The 15th Amendment to the United States Constitution Explained

What Is The Fifteenth Amendment?

The Fifteenth Amendment was enacted in the United States Constitution in 1870. The clause grants the right to vote to African-American people. This was because black people faced discrimination in different ways, and one of them was the right to vote. The amendment states that despite someone’s color, servitude conditions, and race shouldn’t hinder any United States citizen from voting. It came to life after the Thirteenth and Fourteenth Amendments were passed. The amendment enfranchised African American men, while all women from all races couldn’t vote. The discrimination acts against African-American people were especially brutal before the Fifteenth Amendment was added. However, black people didn’t see the amendment’s benefit until after almost a full century. Southern states were more prevalent in disenfranchising African American people. This was done through literacy tests, poll taxes, and other horrendous practices.

The Reconstruction Act.

The Reconstruction Act was passed during the period after which the Civil War had occurred. This is the time that African American men were fully encouraged to vote. In the subsequent years, they were even elected to serve in public offices. This was only possible in the Confederate States of America. However, this didn’t last long, and other states’ efforts to continue having African American men in offices were unfruitful. This was due to the rise of violence, literacy tests, and also poll taxes made it impossible for them to continue serving. This led to almost all African Americans who were in office and all others to be disenfranchised. The Voting Rights Act removed registration and voting prerequisites in 1965. This meant that changes could be made in certain jurisdictions, especially Southern states.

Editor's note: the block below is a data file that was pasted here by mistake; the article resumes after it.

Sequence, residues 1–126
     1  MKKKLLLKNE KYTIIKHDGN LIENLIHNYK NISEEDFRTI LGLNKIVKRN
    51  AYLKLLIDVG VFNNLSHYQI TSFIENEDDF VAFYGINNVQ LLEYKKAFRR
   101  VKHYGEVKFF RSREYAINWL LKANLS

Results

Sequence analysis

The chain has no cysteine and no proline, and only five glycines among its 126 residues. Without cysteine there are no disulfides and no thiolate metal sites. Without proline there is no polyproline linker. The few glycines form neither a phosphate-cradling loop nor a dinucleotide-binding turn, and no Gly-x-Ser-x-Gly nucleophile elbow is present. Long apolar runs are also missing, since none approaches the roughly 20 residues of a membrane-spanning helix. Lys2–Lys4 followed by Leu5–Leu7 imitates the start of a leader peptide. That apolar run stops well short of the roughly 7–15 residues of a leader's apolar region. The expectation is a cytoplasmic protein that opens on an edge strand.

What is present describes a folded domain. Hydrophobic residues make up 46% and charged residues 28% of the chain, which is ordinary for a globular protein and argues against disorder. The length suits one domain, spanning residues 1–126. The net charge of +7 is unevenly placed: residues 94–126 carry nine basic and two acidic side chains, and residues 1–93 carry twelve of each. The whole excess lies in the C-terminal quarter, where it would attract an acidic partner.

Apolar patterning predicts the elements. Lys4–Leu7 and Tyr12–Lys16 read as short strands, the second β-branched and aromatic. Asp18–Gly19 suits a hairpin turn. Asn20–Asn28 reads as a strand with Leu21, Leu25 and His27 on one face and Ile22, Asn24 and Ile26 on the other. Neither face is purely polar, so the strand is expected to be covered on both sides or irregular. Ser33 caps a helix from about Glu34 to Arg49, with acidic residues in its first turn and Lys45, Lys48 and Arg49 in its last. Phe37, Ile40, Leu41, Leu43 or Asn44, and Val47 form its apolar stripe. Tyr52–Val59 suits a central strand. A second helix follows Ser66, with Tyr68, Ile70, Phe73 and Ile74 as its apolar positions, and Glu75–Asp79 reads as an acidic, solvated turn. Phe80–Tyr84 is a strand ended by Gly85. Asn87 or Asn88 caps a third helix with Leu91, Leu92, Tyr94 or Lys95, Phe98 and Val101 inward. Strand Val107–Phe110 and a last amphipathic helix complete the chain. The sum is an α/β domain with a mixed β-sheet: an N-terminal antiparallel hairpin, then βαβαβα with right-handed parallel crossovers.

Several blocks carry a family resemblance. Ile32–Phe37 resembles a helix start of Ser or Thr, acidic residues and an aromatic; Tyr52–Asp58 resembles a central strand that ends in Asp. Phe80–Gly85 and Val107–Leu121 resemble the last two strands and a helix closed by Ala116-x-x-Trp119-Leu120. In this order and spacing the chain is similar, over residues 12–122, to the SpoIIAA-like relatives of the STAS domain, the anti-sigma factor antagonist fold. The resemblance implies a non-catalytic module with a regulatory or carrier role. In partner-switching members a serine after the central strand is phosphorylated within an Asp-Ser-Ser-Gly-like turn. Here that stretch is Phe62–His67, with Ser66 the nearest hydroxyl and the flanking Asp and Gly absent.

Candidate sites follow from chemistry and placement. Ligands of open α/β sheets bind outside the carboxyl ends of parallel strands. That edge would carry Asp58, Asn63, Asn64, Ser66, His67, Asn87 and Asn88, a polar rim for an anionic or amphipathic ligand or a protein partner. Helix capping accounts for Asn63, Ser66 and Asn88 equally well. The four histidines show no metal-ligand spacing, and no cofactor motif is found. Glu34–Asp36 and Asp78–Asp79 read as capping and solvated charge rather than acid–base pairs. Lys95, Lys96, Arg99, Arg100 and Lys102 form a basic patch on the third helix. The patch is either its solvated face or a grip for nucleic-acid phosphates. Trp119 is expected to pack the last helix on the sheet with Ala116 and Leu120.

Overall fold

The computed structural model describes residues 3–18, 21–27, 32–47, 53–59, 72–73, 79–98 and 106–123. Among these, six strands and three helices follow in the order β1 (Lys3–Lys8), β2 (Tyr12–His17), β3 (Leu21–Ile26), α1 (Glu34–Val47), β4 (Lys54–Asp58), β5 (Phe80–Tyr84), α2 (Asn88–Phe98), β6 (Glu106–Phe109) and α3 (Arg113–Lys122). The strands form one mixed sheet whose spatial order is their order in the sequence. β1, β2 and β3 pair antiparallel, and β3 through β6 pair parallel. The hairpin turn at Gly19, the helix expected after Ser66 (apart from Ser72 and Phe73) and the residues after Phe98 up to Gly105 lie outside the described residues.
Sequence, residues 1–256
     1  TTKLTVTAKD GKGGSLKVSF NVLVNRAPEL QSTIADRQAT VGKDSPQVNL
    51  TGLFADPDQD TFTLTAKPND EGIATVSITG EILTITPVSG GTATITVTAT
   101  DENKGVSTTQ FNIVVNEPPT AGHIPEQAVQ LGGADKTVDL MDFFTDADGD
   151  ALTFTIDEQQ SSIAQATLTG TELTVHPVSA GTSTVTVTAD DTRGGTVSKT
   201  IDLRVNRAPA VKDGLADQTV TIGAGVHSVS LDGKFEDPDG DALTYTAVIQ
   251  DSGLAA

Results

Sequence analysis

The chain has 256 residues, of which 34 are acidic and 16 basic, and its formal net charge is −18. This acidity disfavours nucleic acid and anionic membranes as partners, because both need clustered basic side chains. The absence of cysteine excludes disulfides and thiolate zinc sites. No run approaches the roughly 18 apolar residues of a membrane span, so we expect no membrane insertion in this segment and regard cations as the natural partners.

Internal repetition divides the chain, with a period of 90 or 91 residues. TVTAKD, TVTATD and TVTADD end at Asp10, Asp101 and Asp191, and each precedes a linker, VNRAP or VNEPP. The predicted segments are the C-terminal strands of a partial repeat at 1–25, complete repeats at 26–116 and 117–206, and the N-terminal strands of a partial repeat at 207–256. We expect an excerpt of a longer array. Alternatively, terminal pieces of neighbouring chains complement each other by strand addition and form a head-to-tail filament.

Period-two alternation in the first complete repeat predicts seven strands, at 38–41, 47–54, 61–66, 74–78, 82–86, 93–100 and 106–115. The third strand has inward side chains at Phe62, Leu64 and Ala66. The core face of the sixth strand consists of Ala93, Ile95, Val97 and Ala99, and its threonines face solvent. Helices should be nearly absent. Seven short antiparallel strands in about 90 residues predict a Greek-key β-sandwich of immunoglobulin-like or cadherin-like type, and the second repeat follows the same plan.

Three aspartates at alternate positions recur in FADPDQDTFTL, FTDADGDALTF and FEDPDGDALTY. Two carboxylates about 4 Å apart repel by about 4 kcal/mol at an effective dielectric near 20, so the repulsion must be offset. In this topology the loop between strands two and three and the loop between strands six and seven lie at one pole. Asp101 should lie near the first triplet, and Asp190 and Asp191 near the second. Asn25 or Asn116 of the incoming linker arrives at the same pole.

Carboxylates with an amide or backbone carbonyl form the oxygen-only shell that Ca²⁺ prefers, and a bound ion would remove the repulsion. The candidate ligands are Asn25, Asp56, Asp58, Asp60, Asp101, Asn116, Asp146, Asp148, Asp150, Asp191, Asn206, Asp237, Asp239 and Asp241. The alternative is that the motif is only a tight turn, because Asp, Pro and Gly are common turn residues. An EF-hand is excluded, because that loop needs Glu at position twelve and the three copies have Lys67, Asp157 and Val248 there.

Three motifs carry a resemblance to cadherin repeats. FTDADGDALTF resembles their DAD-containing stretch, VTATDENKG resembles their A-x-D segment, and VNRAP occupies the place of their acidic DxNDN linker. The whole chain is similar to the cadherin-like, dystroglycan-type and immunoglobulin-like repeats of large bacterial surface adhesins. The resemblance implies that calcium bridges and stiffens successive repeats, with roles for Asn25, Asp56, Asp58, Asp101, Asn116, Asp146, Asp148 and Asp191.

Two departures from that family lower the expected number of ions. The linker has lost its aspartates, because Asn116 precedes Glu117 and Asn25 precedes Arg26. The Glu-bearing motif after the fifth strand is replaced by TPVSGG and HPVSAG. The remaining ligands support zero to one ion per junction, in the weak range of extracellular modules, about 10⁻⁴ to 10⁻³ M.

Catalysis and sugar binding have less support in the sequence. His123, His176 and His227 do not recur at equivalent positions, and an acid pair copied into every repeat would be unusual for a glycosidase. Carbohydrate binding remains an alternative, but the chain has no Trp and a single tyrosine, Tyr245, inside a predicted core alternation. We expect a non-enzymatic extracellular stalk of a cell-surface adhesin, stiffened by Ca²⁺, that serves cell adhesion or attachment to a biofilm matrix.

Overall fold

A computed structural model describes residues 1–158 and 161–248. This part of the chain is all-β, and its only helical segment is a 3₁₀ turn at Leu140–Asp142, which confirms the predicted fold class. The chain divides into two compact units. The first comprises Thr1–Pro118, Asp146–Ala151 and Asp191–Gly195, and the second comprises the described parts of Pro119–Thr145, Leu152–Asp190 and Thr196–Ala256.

The 1965 Voting Rights Act (VRA)

President Lyndon B Johnson signed the VRA into law in 1965. This Act’s main aim was to terminate all the barriers set due to discrimination at the state and local levels. The obstacles that stopped African American men from participating in voting. To end the discrimination, the first thing the VRA did was to terminate the literacy tests used. The other change it brought about was bringing about voter registration’s federal oversight. This was done in regions where the number of registered African American voters was less than 50 percent of their population. It gave the United States attorney general the power to look into poll taxes being used in the state and local elections.

The year before, in 1964, poll taxes were banned in federal elections, and then they were prohibited in state elections in 1966 by The Supreme Court. The passing of the VRA vastly reduced the power of law enforcement at the state and local levels. It also made a considerable change in the voter turnout from the African American people since it enabled them to legally go against all the voting restrictions that were there before. However, in modern times, the Fifteen Amendment’s role isn’t significant because broader sources govern the right to vote to all people and not just a select few.

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